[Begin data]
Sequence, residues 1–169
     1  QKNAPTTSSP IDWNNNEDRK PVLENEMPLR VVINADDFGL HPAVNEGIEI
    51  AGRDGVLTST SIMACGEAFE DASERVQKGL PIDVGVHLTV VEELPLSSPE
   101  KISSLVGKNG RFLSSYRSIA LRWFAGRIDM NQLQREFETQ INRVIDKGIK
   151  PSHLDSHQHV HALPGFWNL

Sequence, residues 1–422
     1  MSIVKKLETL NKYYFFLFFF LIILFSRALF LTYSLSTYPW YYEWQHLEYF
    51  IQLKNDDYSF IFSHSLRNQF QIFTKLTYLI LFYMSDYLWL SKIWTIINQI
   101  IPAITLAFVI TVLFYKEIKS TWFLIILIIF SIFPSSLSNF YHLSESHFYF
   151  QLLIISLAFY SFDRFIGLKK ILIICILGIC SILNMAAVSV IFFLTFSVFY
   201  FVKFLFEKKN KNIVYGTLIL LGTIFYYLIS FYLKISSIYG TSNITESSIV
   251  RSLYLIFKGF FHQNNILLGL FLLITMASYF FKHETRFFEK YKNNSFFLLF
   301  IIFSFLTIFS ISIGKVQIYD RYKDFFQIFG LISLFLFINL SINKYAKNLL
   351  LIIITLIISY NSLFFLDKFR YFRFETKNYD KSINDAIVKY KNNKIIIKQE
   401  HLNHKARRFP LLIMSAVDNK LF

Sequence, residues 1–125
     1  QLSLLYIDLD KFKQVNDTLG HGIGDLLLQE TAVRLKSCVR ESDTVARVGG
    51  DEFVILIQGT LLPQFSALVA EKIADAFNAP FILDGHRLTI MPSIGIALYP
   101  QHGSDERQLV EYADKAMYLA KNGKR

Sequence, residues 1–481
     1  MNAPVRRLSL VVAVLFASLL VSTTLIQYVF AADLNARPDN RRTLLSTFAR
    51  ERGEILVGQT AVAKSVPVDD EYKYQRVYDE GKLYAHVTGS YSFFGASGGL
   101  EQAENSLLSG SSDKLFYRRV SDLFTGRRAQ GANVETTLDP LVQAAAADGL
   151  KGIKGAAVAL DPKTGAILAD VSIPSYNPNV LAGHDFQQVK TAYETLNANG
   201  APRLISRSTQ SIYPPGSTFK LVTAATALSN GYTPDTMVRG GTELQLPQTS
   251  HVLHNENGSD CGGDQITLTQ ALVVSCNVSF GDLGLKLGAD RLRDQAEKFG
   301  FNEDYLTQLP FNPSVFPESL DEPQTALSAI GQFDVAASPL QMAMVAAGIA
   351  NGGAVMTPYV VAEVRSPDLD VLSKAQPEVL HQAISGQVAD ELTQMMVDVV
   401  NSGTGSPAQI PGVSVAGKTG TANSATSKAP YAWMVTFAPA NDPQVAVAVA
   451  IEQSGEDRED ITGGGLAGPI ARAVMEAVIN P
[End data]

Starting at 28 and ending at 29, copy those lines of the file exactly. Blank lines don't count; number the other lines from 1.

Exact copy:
   351  NGGAVMTPYV VAEVRSPDLD VLSKAQPEVL HQAISGQVAD ELTQMMVDVV
   401  NSGTGSPAQI PGVSVAGKTG TANSATSKAP YAWMVTFAPA NDPQVAVAVA